Becca's Tortillas and Tortilla Chips

by

Kelly Rossiter Photo
Kelly Rossiter

Difficulty Level Easy

Everyone is talking about hard economic times and we at Planet Green have been getting recession ready for many months. We know people are trying to save money here and there and sometimes the Saturday night out is the victim of cost cutting measures. So we are starting a series called Saturday Snacks of easy treats that you can make yourself and indulge in while watching a DVD or listening to music.

My daughter that suggested tortilla chips were something she would like to learn how to make, so I asked Rebecca Vandevelde, who has worked in Mexican restaurants, for some help. She sent me instructions that were so well thought out and articulated, that I'm just going to turn the rest of the post over to her.

INGREDIENTS

Mix together masa harina and water with a pinch of salt
2 cups corn flour (to one cup warm water)
1 T for every 2 cups of flour (but butter isn't necessary)

PREPARATION:

  1. Mix together masa harina and water, with a pinch of salt. I usually do about 2 cups corn flour to one cup and a bit of water. You can also add a little bit of fat, maybe a tablespoon for every two cups of flour, usually butter—but I think it isn't necessary. It helps a bit if the water is warm, but it isn't super important.
  2. Just mix everything together and knead for a minute or two until it's smooth and sticks together, and will roll out easily. Pinch off little balls of dough and roll them out. Tortillas don't get any bigger when you fry them, so play around with the size of the ball to decide how big you want your tortillas to be. The size of the pan you'll use to fry them will have a big impact on how big the tortillas can be. Don't worry about overworking the dough. Unlike pies and pastries, you can handle tortilla dough as much as you want. Keep in mind when rolling out the dough that the thinner you can make the tortillas, the more easily they can be made into crispier tortilla chips. Thick tortillas are great for keeping soft, but will make chewy chips.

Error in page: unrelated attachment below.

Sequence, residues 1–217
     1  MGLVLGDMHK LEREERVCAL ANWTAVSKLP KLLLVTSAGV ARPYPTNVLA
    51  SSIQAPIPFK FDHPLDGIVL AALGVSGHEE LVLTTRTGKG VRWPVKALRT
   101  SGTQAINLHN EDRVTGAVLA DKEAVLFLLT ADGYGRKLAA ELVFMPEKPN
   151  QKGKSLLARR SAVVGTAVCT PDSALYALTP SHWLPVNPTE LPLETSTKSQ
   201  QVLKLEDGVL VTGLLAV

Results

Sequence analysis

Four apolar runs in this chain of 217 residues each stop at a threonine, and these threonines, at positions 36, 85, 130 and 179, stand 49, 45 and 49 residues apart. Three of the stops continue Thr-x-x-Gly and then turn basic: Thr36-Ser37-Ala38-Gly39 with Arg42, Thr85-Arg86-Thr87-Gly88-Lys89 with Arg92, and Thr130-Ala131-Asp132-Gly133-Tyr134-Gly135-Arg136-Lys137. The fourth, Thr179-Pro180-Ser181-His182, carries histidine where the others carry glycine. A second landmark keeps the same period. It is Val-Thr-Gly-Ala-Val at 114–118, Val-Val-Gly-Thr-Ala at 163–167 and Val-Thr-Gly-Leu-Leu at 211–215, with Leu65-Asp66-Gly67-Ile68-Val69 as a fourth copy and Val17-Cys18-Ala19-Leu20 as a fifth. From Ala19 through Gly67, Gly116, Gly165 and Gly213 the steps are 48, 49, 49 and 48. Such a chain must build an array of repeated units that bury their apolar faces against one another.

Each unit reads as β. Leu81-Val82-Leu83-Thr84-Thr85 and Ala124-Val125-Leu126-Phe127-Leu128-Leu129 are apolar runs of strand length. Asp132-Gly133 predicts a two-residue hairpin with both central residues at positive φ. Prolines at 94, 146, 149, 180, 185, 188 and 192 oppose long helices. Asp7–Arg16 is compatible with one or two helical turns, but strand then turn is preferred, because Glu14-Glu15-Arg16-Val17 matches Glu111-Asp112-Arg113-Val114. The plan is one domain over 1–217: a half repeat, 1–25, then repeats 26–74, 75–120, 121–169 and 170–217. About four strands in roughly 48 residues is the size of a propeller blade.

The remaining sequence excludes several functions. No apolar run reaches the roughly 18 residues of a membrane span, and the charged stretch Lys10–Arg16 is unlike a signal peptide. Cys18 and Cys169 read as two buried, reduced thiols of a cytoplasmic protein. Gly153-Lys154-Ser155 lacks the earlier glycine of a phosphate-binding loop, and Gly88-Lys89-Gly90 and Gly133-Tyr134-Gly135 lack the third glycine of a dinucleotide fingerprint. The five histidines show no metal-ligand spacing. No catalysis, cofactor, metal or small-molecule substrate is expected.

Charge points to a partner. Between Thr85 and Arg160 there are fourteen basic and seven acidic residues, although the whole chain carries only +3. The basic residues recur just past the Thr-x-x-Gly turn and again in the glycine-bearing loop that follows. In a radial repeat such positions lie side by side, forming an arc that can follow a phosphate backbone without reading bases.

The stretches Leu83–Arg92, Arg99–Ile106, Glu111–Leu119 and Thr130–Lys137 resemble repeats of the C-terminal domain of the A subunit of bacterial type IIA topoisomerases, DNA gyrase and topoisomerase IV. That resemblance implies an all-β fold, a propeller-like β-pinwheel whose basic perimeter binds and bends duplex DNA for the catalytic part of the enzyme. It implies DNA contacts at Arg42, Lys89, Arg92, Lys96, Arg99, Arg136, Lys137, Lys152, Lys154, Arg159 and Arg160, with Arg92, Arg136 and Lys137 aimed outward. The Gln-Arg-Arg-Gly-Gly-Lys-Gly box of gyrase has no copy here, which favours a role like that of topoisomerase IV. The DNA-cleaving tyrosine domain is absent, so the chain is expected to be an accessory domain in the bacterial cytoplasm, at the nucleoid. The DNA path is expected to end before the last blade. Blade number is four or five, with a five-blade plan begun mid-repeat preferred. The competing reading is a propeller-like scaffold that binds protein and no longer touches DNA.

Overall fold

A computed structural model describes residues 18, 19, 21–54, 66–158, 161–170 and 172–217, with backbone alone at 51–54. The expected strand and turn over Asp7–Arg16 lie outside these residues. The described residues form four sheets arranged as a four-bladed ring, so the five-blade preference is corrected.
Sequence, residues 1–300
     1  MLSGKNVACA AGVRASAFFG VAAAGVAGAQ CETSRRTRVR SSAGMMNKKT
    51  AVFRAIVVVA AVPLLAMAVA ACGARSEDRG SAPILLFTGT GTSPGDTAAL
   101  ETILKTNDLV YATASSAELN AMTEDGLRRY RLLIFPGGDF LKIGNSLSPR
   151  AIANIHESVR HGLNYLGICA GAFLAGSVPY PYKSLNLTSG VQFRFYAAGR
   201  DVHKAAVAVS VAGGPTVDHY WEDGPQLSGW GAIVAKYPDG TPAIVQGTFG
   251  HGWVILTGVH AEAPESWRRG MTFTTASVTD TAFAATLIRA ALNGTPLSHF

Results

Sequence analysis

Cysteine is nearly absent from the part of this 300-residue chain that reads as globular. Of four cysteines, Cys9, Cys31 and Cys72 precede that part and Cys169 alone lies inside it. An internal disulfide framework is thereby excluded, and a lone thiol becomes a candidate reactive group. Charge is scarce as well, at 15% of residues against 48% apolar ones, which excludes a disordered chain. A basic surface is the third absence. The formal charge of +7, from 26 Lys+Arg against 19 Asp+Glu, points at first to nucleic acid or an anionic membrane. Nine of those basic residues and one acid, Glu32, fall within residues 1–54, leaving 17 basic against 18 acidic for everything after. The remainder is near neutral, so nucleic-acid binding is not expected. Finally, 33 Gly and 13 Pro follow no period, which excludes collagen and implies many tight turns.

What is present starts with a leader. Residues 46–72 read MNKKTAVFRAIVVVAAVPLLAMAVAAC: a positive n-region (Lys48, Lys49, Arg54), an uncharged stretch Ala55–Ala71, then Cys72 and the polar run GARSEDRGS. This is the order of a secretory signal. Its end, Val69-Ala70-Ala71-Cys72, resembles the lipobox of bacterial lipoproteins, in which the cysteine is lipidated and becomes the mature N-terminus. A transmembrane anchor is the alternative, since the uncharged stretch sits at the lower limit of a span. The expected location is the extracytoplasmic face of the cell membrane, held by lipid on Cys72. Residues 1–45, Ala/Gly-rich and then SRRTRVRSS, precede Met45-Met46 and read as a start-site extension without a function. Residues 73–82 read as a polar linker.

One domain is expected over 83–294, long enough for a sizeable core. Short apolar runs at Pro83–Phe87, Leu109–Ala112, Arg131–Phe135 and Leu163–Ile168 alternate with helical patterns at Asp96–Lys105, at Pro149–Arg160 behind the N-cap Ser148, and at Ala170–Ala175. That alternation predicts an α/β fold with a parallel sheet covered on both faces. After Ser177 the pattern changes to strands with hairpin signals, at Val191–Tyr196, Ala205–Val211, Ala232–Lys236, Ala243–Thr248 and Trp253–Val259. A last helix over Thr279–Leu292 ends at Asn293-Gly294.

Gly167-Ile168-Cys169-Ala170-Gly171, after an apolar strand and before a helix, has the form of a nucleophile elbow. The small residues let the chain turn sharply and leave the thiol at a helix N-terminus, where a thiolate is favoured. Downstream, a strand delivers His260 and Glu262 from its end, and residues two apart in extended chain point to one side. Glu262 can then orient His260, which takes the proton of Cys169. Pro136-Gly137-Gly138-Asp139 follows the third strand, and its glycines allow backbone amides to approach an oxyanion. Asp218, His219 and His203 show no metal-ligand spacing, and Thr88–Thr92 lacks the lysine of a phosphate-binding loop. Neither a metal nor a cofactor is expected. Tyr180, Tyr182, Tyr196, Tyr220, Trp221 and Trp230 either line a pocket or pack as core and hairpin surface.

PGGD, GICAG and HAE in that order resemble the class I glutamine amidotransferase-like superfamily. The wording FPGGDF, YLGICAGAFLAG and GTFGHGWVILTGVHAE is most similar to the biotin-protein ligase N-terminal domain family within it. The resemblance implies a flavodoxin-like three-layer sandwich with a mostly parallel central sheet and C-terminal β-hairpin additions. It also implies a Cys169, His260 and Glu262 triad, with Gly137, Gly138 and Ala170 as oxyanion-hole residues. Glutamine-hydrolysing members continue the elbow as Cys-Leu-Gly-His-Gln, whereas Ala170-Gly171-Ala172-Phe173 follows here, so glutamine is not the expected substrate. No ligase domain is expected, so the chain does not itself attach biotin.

3. To fry the tortillas, just place it on a (preferably cast iron) pan on medium-high heat. As long as you're using a seasoned cast iron pan, which works better, you won't need any oil. Nonstick pans might need a bit, but try without first—it depends on the pan. They'll take about 45 seconds on each side. They'll start to turn a bit brown in spots, but since there's no oil, they won't sizzle or pop—so just keep an eye on them.
  4. To make the tortillas into chips, you just need to cut them into wedges, and either fry them or bake them. Either way, you'll need some fat. Sunflower or canola oils work, but I am self-indulgent and like using butter. If frying, add about an inch of fat to the bottom of a pan that can take high heat. Turn up very high, and place a handful of chips in when the oil starts to sizzle when anything else touches it. They'll need about 20 seconds, so have a paper-towel-lined plate or bowl to put them on. I like to salt and season mine the moment they come out of the oil, so that the seasonings stick. I sprinkle with sea salt, a bit of pepper, a dash of cumin and some ground coriander. Ground hot chili, cayenne, a splash of lime juice, paprika, or any other number of seasonings would also work. Curry chips are also tasty—just sprinkle with ground ginger or galangal, pepper, chili, tumeric and cumin.
  5. To bake the chips instead of frying, just spread the tortilla wedges evenly over a baking sheet, sprinkle with fat and whatever seasonings, and bake at about 400 degrees until they start to brown and curl, probably about 10 minutes. Depending on how hot the bottom of the pan is, you may need to turn them over and bake on the other side for a few minutes. The good thing about this method is that you can control the amount of fat. The not-so-good thing is that they won't be as crispy.

    As you can see from the photo, my tortilla chips don't exactly look like the wedges Becca describes. I think I didn't put quite enough water into the flour in the beginning, so they didn't roll out into neat circles as they should have done. However, I fried them and then sprinkled a mixture or cumin and sea salt on them and they were delicious.

  6. These would also be great to serve at a casual get together. Pair them with a homemade salsa, or a dip and you have a party.

    Many thanks to Rebecca for her help.

This recipe appears in: Snacks

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